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June 24, 2018 2 min read
A few days ago, in the wake of discussion about how recent hits such as Fortnite may be having an effect on children and young persons, talk turned to how the first gaming addiction treatment centres have sprung up in the UK. The World Health Organisation has also recognised "gaming addiction" as a separate disorder for the first time, alongside other more well-known addictions, such as to alcohol or drugs.
The World Health Organisation has not classified "gaming disorder" in terms of time spent with games, but rather in terms of the effect it has on the individual's ability to interact with society and keep up with their usual lifestyle. Here are the criteria that they use:
To me, this seems so far, so good. These criteria do not seem far removed from how we would describe one of the more "traditional" addictions – inability to stop drinking after two glasses of wine, drinking to the point that you can't take your children to school in the morning, and continuing to get intoxicated every single day until eventually, you lose your job. So, what is the issue?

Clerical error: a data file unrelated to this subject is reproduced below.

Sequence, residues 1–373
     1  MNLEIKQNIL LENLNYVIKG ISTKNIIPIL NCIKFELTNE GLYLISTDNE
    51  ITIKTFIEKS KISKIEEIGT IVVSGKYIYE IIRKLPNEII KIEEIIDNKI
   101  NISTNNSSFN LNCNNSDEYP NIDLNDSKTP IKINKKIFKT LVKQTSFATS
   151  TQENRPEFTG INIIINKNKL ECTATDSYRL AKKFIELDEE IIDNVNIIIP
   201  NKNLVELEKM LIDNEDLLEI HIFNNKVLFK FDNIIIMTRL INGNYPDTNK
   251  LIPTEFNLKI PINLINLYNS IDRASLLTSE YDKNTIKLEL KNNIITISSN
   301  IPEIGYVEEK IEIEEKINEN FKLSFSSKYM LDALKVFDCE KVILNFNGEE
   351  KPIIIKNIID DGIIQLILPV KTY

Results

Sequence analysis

The issue is the tendency of the non-games media and general discussion to talk about games addiction in terms of time played, in both directions. Standard news outlets gawp at 20 hours a week sat behind a controller or a keyboard, while people who play games may shrug off 30 hours at a computer as not a big deal.
Both perspectives are harmful because, as the WHO have emphasised, the issue of games addiction is not about the time spent with games. Of course, a sign of addiction is that games are taking over your life and you are saving no time for friends and family. But it has much more to do with how "your brain is on games", rather than the concrete number of hours.
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